Free Cooling: the Server Side of the Storyby Johan De Gelas on February 11, 2014 7:00 AM EST
The Server CPU Temperatures
Given Intel's dominance in the server area, we will focus on the Intel Xeons. The "normal", non-low power, Xeons have a specified Tcase of 75°C (167 °F, 95 W) to 88°C (190 °F, 130 W). Tcase is the temperature measurement using a thermocouple embedded in the center of the heat spreader, so there is a lot of temperature headroom. The low power Xeons (70 W TDP or less) have a lot less headroom as the Tcase is a pretty low 65°C (149 °F). But since those Xeons produce a lot less heat, it should be easier to keep them at lower temperatures. In all cases, there is quite a bit of headroom.
But there is more than the CPU of course; the complete server must be up for running with higher temperatures. That is where the ASHRAE specifications come in. The American Society of Heating, Refrigeration, and Air conditioning Engineers publishes guidelines for the temperature and humidity operating ranges of IT equipment. If vendors comply with these guidelines, administrators can be sure that they will not void warranties when running servers at higher temperatures. Most vendors - including HP and DELL - now allow the inlet temperature of a server to be as high as 35 °C, the so called A2 class.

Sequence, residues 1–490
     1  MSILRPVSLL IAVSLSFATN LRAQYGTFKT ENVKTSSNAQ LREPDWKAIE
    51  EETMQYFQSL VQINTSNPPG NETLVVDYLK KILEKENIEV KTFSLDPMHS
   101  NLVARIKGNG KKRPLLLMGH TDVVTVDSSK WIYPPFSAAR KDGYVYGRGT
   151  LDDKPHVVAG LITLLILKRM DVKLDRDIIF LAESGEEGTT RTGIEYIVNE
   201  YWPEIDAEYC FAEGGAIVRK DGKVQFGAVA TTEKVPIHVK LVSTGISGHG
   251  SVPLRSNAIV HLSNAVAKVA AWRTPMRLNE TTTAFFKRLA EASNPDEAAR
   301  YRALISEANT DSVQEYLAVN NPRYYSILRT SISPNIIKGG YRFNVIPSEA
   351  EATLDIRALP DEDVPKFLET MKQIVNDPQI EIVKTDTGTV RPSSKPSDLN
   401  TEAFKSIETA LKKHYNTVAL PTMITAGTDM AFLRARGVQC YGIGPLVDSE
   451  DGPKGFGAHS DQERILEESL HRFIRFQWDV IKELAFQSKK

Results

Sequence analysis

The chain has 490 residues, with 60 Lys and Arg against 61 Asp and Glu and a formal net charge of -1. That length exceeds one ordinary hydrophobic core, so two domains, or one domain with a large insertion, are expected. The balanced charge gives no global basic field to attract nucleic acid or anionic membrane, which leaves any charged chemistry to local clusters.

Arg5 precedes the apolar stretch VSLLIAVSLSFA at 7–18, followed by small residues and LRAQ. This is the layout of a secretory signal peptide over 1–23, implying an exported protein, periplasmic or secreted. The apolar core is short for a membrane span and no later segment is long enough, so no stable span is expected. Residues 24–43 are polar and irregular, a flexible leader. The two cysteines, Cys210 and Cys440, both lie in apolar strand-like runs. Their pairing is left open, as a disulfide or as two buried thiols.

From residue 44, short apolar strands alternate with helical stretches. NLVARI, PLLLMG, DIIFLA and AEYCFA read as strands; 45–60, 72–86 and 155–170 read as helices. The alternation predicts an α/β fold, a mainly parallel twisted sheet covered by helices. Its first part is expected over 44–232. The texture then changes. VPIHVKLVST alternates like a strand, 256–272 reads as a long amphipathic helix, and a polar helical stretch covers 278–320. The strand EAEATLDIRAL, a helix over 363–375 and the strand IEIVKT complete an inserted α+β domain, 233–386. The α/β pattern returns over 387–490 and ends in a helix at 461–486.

ASHRAE specifications per class
The specified temperature is the so called "dry bulb" temperature, which is the normal measured temperature by a dry thermometer. Humidity should be approximately between 20 and 80%. Specially equipped servers (Class A4) can go as high as 45°C with humidity being between 10 and 90%.
It is hard to overestimate the impact of servers being capable of breathing hotter air. In modern data centers this ability could be the difference between being able to depend on free cooling only, or having to continue to invest in very expensive chilling installations. Being able to use free cooling comes with both OPEX and CAPEX savings. In traditional data centers, this allows administrators to raise the room temperature and decrease the amount of energy the cooling requires.
And last but not least, it increases the time before a complete shutdown is necessary when the cooling installation fails. The more headroom you get, the easier it is to fix the cooling problems before critical temperatures are reached and the reputation of the hosting provider is tarnished. In a modern data center, it is almost the only way to run most of the year with free cooling.
Raising the inlet temperature is not easy when you are providing hosting for many customers (i.e. a "multi-tenant data center"). Most customers resist warmer data centers, with good reason in some cases. We watched a 1U server use 80 Watt to power its fans on a total of less than 200 Watt! In that case, the savings of the data center facility are paid by the energy losses of the IT equipment. It's great for the data center's PUE, but not very compelling for customers.
But how about the latest servers that support much higher inlet temperatures? Supermicro claims their servers can work with up to 47°C inlet temperatures. It's time to do what Anandtech does best and give you facts and figures so you can decide if higher temperatures are viable.